One of the ways that the pediatric ECMO team at NewYork-Presbyterian Morgan Stanley Children’s Hospital stays on top of their game is practice. Led by Tarif Choudhury, MD, Director of Clinical Simulation for Pediatric Critical Care Medicine, the group regularly conducts simulation training in an ICU-converted simulation suite in the Hospital, complete with a high-fidelity manikin, an ECMO neck vessel attachment that allows for surgical incision, cannulation of vessels, and connection to the ECMO circuit for simulated blood transference through the machine. The converted simulation suite is designed to be a replica—everything from the room dimensions to the equipment used—of an actual ICU bed space at NewYork-Presbyterian Morgan Stanley Children’s Hospital. Interdisciplinary teams respond to the simulated emergency with equipment that would be used in a real in-hospital cardiac arrest. The room is adorned with high-quality cameras and microphones allowing Drs. Choudhury, Cheung, and William Middlesworth, MD, Director of Pediatric ECMO at NewYork-Presbyterian Morgan Stanley Children’s Hospital, to review and analyze the sessions and provide important performance feedback to the team.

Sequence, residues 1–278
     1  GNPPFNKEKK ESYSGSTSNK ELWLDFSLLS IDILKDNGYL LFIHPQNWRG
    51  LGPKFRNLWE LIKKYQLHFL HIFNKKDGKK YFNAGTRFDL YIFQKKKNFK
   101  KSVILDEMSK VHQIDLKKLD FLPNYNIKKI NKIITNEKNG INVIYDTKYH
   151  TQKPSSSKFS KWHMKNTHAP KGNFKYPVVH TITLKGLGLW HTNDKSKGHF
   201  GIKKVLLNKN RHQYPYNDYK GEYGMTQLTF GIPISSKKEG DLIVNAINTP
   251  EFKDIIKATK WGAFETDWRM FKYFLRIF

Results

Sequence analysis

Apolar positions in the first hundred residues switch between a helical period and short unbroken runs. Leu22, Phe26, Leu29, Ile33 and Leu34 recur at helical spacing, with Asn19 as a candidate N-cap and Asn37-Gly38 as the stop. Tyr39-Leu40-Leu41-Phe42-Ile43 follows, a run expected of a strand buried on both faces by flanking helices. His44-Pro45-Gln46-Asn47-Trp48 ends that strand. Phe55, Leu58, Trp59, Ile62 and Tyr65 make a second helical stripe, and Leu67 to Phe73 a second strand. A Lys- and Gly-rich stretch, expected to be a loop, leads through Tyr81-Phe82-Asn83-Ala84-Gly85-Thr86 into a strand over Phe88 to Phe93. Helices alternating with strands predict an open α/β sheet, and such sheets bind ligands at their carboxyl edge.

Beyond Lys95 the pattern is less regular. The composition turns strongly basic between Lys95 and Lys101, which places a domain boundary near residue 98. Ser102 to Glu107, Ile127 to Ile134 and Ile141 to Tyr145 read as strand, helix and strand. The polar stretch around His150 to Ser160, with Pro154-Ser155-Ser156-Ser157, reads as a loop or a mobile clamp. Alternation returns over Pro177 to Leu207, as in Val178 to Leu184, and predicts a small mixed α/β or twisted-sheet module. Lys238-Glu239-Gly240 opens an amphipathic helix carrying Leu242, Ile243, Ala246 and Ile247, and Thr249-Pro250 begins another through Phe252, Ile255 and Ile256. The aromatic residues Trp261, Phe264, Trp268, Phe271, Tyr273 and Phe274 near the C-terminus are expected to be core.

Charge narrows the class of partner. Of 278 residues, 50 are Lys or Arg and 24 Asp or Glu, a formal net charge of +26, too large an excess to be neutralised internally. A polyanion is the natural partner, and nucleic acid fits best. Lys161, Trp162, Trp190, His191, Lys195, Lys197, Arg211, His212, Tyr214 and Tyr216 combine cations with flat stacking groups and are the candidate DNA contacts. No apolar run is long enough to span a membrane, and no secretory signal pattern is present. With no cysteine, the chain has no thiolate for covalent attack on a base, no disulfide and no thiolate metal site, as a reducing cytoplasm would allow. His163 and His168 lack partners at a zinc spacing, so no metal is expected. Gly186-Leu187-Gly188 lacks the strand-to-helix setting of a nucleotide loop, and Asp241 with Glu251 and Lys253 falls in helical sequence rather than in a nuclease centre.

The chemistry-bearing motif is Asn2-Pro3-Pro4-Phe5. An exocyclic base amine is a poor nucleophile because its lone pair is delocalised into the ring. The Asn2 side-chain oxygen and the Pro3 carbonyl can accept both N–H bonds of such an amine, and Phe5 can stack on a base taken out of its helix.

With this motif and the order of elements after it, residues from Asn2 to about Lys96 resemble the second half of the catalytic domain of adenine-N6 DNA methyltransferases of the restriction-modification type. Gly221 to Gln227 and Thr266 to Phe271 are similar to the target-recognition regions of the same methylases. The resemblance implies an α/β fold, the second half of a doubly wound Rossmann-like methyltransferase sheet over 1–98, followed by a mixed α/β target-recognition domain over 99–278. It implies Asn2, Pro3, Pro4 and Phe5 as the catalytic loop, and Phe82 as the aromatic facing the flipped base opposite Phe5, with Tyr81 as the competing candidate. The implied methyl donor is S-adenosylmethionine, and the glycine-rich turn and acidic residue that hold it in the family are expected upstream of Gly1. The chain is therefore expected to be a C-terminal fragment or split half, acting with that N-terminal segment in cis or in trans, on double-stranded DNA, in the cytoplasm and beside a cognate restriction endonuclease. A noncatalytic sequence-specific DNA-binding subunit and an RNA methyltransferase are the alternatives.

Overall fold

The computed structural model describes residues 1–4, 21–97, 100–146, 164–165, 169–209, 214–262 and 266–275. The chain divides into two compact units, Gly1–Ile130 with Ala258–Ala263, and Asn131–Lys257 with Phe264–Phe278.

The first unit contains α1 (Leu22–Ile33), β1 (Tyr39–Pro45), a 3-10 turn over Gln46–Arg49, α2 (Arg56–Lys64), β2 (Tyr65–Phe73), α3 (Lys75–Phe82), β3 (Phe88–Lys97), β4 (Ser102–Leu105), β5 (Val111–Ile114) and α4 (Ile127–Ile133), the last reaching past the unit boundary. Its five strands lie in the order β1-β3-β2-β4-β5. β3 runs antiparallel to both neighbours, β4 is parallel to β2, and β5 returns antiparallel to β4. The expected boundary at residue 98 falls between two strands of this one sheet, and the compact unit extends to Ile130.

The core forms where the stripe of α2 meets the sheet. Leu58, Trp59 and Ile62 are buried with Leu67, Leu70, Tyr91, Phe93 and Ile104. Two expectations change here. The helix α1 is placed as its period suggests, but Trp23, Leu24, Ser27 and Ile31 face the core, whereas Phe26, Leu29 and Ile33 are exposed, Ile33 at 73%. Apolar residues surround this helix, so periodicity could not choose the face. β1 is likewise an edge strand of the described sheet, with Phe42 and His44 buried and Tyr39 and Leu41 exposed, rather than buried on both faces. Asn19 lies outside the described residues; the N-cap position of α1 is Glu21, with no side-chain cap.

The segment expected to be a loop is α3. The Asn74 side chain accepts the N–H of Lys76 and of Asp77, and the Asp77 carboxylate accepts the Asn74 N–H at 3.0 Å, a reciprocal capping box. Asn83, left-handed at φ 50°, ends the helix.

image of surgeons undergoing ECMO simulation training

Pediatric extracorporeal membrane oxygenation (ECMO) team members undergo simulation training at NewYork-Presbyterian Morgan Stanley Children’s Hospital.(Source: Image courtesy of Tarif Choudhury, MD)